Call to action: Encourage readers to advocate for better conditions for nurses and better policies to address the shortage.

Personal essay outline

In a personal essay, sharing your experiences, insights, and emotions is crucial, making the essay personal and unique. Here’s an example outline for a personal essay on “My Journey to Becoming a Nurse.”

I. Introduction

Hook: An intriguing anecdote about a key moment inspired my interest in nursing.

Thesis statement: An assertion about how my experiences have shaped my desire to become a nurse.

II. Body Paragraph 1: Early Exposure to Nursing

Topic Sentence: An overview of my early exposure to the nursing field.

Personal experience: Recounting a personal event or memory related to healthcare or nursing.

Reflection: Discuss how this experience planted the seed of interest in nursing.

III. Body Paragraph 2: Overcoming Challenges

Topic Sentence: Statement about the personal challenges I faced in my path to nursing.

Personal experience: Detailing the challenges, such as financial obstacles, academic hurdles, or personal circumstances.

Reflection: These challenges have strengthened my resolve and equipped me with resilience.

IV. Body Paragraph 3: Nursing School Experience

Topic Sentence: Statement about my experiences during nursing school.

Personal experience: Sharing stories about my time in nursing school, including academic experiences, internships, or significant learning moments.

Reflection: How these experiences have deepened my passion for nursing and my understanding of the profession.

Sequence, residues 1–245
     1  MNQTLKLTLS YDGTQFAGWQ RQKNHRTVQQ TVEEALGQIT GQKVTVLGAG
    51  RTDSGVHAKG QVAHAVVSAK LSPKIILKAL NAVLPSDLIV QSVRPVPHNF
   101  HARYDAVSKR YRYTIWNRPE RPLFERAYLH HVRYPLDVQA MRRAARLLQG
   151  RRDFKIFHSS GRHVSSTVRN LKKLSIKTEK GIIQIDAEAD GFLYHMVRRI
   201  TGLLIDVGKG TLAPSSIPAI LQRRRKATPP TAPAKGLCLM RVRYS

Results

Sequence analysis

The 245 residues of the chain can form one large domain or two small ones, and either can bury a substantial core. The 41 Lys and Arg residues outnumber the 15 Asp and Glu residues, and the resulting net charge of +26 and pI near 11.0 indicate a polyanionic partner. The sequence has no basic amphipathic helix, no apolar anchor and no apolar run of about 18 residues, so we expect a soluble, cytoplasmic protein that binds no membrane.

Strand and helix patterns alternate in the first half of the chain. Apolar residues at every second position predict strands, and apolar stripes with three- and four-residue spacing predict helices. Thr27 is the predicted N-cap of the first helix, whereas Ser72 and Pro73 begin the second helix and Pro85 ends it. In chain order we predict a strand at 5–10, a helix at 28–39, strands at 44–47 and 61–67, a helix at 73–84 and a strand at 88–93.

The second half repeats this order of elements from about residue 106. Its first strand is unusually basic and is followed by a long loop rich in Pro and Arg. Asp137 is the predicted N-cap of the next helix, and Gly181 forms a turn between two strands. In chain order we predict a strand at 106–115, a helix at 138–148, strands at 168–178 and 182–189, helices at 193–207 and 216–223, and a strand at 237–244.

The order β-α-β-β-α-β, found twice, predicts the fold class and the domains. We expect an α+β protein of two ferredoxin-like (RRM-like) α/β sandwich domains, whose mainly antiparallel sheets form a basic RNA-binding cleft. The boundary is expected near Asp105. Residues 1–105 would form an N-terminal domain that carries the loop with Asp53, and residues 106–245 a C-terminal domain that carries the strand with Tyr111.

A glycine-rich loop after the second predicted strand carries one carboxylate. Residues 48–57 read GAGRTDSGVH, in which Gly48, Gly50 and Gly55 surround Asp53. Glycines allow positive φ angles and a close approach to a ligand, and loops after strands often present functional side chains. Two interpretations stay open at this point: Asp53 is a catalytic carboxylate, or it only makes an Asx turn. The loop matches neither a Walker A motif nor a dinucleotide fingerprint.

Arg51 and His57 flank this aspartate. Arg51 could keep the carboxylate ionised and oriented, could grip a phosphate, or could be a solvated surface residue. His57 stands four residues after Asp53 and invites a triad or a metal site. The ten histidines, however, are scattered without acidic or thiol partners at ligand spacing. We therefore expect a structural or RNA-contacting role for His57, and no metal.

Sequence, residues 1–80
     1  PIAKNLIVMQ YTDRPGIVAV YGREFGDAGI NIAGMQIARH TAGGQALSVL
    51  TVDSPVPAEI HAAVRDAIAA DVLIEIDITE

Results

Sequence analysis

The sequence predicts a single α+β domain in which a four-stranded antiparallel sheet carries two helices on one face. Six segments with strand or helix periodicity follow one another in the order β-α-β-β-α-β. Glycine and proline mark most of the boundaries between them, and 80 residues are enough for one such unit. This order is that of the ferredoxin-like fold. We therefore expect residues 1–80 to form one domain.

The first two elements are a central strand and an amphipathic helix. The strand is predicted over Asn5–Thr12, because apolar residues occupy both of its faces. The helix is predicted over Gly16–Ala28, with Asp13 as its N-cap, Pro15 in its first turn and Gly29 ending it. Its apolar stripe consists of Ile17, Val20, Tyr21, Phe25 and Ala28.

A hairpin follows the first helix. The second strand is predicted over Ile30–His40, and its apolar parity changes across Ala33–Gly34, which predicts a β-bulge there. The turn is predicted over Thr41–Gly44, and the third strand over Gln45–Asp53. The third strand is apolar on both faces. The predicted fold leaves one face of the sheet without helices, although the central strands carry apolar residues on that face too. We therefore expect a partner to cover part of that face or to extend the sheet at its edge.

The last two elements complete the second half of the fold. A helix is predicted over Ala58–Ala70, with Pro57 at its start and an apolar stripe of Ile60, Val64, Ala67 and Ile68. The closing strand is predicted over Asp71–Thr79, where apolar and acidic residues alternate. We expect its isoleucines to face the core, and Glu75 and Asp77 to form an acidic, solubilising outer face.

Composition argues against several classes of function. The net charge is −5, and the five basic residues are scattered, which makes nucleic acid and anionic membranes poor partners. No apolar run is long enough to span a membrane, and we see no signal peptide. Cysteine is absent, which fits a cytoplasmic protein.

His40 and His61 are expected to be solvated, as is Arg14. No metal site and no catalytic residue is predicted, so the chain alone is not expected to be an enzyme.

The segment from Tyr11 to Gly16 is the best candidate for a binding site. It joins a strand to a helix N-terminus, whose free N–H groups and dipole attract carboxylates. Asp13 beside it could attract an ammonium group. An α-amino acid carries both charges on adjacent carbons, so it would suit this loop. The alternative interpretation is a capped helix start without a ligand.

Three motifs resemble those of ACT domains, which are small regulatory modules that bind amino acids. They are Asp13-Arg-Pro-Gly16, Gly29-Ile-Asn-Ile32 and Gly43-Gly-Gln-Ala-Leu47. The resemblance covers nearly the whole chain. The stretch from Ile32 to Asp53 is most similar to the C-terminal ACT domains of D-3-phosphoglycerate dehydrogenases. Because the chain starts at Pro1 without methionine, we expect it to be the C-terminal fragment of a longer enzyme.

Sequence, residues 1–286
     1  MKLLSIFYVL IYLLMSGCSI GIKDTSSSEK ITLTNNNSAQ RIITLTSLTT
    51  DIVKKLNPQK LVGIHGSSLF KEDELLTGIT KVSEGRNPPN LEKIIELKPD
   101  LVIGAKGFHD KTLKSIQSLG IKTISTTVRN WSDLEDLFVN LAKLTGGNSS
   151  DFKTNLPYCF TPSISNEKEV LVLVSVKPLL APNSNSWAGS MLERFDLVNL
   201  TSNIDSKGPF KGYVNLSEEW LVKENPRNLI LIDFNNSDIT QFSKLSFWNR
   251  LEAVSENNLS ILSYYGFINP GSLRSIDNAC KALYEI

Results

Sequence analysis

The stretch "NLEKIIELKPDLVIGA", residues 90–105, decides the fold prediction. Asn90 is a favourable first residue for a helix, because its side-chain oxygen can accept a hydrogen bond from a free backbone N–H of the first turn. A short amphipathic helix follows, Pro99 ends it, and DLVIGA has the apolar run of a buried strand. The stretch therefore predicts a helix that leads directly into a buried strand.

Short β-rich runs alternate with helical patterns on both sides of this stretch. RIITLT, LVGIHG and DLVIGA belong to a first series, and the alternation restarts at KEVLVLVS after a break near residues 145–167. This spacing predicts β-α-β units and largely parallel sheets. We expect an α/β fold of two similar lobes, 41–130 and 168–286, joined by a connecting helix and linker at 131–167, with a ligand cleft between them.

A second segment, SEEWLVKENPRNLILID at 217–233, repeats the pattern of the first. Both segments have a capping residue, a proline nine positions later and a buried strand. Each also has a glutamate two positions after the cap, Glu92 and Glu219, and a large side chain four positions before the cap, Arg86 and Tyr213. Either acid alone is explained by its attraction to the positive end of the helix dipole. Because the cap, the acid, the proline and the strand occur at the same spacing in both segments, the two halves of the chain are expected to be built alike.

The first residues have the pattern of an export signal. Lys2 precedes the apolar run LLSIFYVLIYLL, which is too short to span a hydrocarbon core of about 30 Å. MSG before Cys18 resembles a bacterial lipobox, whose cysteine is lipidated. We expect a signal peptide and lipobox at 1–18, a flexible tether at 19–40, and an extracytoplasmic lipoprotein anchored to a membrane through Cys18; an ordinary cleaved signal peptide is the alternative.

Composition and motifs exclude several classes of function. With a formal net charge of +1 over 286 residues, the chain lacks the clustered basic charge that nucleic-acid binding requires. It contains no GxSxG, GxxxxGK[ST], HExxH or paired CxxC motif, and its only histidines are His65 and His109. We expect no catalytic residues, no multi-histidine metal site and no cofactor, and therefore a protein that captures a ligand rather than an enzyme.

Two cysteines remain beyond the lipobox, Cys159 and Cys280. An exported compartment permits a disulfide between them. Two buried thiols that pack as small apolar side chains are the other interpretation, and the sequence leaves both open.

V. Body Paragraph 4: Future Aspirations

Topic Sentence: Statement about my future aspirations in nursing.

Personal ambition: Detailing my goals, the fields of nursing I’m interested in, or how I plan to contribute.

Reflection: Discussing how my journey thus far has prepared me for my future in nursing.

VI. Conclusion

Summary of the main points: Recap my journey and key experiences.

Restate your thesis: Reiterate how these experiences have shaped my desire to become a nurse.

Final thought: Leave the reader with a final thought or reflection on my journey.

Narrative essay outline

A narrative essay is all about telling a story. Engage your readers with vivid details, emotional resonance, and personal insights. Here’s an example of an outline for a narrative essay titled “A Day in the Life of a Nurse.”

I. Introduction

Setting the scene: Start with a vivid description of a typical day's beginning at a hospital nursing unit.

Thesis statement: A brief statement that the essay will provide insight into the life of a nurse through the lens of personal experience.

II. Body Paragraph 1: Morning Routine

Topic sentence: Description of the early morning routine, starting from the handover from the night shift.

Narrative details: Detailed account of typical tasks, such as checking on patients, updating charts, etc.

Reflection: Insights about how the morning sets the pace for the day, challenges encountered, etc.

III. Body Paragraph 2: Mid-Day Challenges

Topic sentence: Transition into the challenges and unpredictability that the mid-day brings.